The Cover of Dr. Petkūnas' Book
(A Link to the Book's Site in Lithuanian)
Before the Communist Revolution, Latvia had over a million Lutherans. Today, there are about 400,000 professed Lutherans. Of those Lutherans in Latvia today, about 40,000 are active members. In Russia proper, the Volga Lutherans and the Lutherans in Siberia fled, were deported, exiled to the Gulag, or executed. These numbers reflect only the Lutherans and do not include other Christians persecuted such as Roman Catholics, Orthodox, and other Protestants.

A Franciscan Monastery Resides at the base of the Hill of Crosses
The Hill of Crosses in Lithuania serves as a good reminder of how the church was persecuted under Communism. It reminds how the 20th century martyred more Christians than any other era in the history of the world. During this Advent season, Jesus' words resound, "And if those days had not been cut short, no human being would be saved. But for the sake of the elect those days will be cut short." (Matthew 24:22)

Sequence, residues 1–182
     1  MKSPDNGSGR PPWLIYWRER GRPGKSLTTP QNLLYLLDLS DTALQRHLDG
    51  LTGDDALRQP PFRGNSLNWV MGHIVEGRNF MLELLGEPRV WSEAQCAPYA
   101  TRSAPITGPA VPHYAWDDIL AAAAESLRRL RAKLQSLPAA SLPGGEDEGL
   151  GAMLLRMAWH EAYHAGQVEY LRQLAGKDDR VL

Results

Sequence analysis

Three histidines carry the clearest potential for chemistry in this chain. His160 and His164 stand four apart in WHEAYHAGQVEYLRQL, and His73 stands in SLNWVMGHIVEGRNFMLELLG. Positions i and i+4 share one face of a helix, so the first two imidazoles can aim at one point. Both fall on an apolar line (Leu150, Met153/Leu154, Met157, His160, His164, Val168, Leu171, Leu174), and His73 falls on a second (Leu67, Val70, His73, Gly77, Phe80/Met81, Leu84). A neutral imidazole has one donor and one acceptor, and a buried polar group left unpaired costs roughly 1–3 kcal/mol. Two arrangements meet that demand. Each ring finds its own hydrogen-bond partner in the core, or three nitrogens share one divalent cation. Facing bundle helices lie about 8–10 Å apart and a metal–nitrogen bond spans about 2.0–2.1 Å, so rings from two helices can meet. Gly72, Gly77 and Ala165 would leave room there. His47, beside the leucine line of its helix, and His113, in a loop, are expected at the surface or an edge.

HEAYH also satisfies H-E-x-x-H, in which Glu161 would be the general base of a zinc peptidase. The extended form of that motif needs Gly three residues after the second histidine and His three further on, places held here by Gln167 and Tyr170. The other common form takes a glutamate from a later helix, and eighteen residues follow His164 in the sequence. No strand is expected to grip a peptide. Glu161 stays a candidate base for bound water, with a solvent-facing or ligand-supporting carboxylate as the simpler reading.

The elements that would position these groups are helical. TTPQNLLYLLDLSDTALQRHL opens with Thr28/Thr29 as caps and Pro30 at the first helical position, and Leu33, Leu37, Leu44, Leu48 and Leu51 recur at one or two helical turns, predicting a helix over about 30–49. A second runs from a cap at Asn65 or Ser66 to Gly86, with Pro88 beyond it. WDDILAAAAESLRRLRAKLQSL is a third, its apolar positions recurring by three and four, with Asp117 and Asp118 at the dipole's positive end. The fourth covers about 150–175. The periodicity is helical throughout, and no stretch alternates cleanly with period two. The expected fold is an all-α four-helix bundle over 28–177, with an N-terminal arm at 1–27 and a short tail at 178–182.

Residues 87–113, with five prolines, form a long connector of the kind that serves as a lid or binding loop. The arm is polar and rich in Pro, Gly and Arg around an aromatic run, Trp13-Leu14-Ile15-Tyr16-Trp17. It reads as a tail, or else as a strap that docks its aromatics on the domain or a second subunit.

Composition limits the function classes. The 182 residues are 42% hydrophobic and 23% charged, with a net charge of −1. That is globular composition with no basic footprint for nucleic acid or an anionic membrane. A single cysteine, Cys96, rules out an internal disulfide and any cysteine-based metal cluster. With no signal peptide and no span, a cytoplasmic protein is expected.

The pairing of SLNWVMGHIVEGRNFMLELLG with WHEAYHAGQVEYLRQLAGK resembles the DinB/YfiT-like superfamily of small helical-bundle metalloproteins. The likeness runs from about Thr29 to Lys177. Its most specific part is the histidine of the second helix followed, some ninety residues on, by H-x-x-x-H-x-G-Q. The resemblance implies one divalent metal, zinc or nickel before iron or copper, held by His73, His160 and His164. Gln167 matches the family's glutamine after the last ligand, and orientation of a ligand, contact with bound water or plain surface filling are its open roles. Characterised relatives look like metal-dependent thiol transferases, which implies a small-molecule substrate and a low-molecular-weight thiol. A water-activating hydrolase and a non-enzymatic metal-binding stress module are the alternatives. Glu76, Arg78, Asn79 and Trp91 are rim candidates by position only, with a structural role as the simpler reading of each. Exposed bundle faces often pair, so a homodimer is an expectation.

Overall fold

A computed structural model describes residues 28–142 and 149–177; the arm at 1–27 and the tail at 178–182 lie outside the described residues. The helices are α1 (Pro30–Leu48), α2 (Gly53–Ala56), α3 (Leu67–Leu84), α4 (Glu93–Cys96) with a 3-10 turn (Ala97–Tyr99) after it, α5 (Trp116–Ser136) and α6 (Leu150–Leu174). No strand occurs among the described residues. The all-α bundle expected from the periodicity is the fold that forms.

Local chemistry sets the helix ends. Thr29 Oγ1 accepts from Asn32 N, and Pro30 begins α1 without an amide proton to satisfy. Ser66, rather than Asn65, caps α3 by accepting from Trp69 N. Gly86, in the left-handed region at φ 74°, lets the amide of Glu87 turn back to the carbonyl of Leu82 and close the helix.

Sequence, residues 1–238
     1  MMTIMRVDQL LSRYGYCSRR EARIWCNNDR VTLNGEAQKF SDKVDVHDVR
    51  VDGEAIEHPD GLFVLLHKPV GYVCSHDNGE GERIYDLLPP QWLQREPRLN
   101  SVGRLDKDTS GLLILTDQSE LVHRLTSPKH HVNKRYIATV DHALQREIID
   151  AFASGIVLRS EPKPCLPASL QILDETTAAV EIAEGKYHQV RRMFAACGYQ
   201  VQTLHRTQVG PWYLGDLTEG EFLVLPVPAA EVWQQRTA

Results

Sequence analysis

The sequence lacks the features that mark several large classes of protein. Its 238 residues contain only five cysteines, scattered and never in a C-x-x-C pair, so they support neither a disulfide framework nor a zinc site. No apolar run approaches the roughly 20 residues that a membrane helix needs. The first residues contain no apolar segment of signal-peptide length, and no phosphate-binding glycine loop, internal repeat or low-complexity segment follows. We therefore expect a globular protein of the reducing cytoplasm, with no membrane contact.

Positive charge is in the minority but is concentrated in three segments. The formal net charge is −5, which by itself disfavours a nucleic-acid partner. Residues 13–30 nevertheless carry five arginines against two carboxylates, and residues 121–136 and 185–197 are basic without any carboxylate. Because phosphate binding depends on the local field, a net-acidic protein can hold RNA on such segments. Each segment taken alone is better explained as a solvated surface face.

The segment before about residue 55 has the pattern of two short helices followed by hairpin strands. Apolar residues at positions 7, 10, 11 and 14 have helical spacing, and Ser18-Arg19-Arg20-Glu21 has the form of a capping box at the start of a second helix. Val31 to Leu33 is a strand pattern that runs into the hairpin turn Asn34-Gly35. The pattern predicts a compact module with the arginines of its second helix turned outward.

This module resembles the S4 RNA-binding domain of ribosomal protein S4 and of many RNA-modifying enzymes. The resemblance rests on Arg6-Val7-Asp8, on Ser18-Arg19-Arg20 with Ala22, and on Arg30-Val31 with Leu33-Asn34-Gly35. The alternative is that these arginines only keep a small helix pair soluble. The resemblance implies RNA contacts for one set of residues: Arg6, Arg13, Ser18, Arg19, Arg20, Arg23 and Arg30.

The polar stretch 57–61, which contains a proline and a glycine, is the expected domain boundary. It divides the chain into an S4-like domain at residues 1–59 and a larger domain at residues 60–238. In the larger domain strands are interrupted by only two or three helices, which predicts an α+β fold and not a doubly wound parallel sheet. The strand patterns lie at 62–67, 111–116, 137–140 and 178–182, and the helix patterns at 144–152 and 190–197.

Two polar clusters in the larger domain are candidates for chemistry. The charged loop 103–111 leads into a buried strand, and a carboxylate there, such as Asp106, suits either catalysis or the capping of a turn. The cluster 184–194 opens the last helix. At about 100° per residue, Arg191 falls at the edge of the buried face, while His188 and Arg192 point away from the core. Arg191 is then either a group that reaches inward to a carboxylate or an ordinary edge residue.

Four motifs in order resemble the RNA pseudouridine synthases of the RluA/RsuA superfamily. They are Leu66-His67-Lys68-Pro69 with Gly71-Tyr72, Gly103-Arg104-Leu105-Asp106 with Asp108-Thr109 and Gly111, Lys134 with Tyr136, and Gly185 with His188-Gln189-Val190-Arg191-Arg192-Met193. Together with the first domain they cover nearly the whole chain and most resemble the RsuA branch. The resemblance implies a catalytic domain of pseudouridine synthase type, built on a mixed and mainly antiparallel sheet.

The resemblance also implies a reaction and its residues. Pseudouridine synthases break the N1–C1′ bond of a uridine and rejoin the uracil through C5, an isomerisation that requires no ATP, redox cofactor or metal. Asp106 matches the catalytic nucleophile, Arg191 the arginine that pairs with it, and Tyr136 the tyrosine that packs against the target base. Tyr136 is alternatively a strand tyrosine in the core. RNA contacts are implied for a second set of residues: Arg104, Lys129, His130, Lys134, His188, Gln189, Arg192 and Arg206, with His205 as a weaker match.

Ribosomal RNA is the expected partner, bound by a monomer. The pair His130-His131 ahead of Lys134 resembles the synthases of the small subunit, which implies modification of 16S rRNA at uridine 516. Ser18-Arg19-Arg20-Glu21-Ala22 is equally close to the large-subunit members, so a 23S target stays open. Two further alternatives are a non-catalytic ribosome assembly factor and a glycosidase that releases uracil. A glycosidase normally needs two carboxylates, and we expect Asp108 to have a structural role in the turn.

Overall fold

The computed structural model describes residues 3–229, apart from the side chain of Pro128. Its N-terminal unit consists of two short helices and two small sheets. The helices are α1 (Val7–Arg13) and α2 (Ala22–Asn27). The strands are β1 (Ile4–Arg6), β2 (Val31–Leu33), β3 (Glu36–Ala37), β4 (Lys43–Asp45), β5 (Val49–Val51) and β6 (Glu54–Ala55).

A Cross Placed for Babies Who Died Before Birth
This cross was placed for babies who were never born due to abortion.

Dr. Quill, Dr. Petkūnas and Pastor Johnson
We departed the Hill of Crosses singing the hymn, "Cross of Jesus, Cross of Sorrow" (Lutheran Service Book 428).

Cross of Jesus, cross of sorrow,
Where the blood of Christ was shed,
Perfect man on thee did suffer,
Perfect God on thee hast bled.

-- Rev. Dr. Albert B. Collver, Director of Church Relations